Skaife went on to describe the yawing and corner uneasiness we’d been able to see clearly from the outside. He had been busy.
“At places like Suttons [a left-hander with a dip on turn-in, and a crest after the apex], the car’s quite nervous,” he went on. “You brake it, turn it, oversteer – and when you’ve got it caught, it gets back on the front wheel and just starts to understeer. And then finally when the understeer goes away, when you get back onto the throttle, it’s got enough sniff to drive itself out pretty straight.
“A lot of the characteristics are similar to the R32, when it first happened,” he smiled. “The amount of drive grip they’ve got is just extraordinary. When you can get into the throttle, it’s just unbelievable.”
Skaife added that the early throttle response was too tardy in letting him shift the action rearwards. I wondered aloud whether he’d been spoiled by 17 years of V8s, too long away from turbos. “No, you could definitely change the mapping to give you a bit more for your money there.”
The front tyres, whose shoulders weren’t new when we started, underlined Skaife’s point about the GT-R’s two phases of understeer.
“It’s actually front grip-limited, at some point,” he mused. “The nervousness really comes from an unstable rear, and the instability gives it that initial oversteer – but the natural balance of the car is mild entry understeer.”
He’d been impressed by the brake feel, but the car’s weight had contributed to bad fade after just three or four laps. He asked the kerb weight, and we told him: 1740kg.
“Yeah, it feels like it’s got quite a lot of momentum there. You have to do quite a lot of work to straighten the car up.”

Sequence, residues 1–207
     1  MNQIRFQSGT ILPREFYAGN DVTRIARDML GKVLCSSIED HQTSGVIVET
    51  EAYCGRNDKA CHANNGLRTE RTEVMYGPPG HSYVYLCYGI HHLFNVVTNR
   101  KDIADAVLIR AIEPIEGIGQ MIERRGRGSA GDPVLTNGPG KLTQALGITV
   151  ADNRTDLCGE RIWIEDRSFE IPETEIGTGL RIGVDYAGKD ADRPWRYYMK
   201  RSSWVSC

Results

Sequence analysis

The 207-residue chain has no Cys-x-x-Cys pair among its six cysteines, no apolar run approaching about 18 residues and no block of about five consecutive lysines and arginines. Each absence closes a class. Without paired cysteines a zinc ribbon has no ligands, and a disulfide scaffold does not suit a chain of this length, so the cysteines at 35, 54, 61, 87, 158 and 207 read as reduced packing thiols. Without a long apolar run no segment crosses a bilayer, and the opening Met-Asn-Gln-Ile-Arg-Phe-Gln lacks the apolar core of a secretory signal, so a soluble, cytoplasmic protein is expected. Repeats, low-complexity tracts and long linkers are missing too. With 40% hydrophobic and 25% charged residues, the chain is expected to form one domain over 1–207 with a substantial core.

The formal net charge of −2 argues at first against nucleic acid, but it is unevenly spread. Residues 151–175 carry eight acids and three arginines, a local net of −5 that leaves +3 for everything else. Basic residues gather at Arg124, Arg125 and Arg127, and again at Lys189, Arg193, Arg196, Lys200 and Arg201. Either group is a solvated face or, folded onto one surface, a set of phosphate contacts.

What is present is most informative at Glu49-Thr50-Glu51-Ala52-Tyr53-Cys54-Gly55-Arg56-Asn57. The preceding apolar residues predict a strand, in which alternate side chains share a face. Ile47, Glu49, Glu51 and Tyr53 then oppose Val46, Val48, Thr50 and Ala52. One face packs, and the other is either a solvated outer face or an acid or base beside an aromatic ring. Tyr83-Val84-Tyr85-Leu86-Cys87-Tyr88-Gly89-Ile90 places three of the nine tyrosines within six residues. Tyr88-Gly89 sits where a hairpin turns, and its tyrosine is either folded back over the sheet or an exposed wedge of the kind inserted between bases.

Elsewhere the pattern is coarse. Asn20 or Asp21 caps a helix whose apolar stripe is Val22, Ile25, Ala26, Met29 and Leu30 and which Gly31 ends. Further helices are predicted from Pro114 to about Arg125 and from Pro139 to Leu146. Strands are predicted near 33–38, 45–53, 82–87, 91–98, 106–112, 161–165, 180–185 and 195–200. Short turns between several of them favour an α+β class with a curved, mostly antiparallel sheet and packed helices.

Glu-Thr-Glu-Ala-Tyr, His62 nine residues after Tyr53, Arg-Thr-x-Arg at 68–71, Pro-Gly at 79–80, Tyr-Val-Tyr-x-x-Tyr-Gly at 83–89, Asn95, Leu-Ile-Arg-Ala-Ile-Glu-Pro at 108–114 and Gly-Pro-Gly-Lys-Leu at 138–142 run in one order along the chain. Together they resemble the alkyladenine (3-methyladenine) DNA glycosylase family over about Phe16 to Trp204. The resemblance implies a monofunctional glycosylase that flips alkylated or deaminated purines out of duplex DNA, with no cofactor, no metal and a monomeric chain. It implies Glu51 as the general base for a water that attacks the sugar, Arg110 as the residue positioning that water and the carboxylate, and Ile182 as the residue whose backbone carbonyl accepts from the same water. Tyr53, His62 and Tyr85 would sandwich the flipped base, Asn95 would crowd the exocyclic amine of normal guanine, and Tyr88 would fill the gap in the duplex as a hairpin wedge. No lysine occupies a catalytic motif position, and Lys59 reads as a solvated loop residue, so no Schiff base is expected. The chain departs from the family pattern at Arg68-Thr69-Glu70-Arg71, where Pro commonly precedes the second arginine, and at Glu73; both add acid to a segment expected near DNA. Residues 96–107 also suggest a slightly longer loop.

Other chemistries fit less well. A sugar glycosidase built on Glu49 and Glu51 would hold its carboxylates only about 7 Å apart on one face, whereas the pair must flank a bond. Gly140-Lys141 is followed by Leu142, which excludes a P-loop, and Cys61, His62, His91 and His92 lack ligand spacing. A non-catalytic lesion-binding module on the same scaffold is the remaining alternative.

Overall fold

How does all of this tally with his more usual mounts – similarly big, V8 rear-drivers? “Well, as a consequence [of the understeer], some of the fun’s taken out of it as a purist’s car,” he said. “But the amount of exit grip and how much throttle you can get on the car, once you’ve got it neutral and you can get it off the corner, anyone who didn’t enjoy that is just kidding themselves.”
Skaife recognised that the R35 is a GT-R. In his Nissan days, he had an R32 company car.
“Oh, you can feel that DNA,” he smiled. Skaife should feel it; he is himself woven somewhere deep in the GT-R code. “But … I hope they don’t get upset with me for saying this: they’ve lost a little bit of the crudeness and the rawness that the original [R32] car had. It had a much nicer steering wheel – a racy wheel – a more sculpted seat, so it was more like a race car.
“But, from the architecture and the engineering of the car, the way it translates to the driver, there’s a lot of that DNA… They’ve done that, but they’ve tamed it off too much. I’d be very interested to see what a Spec-V would be like.”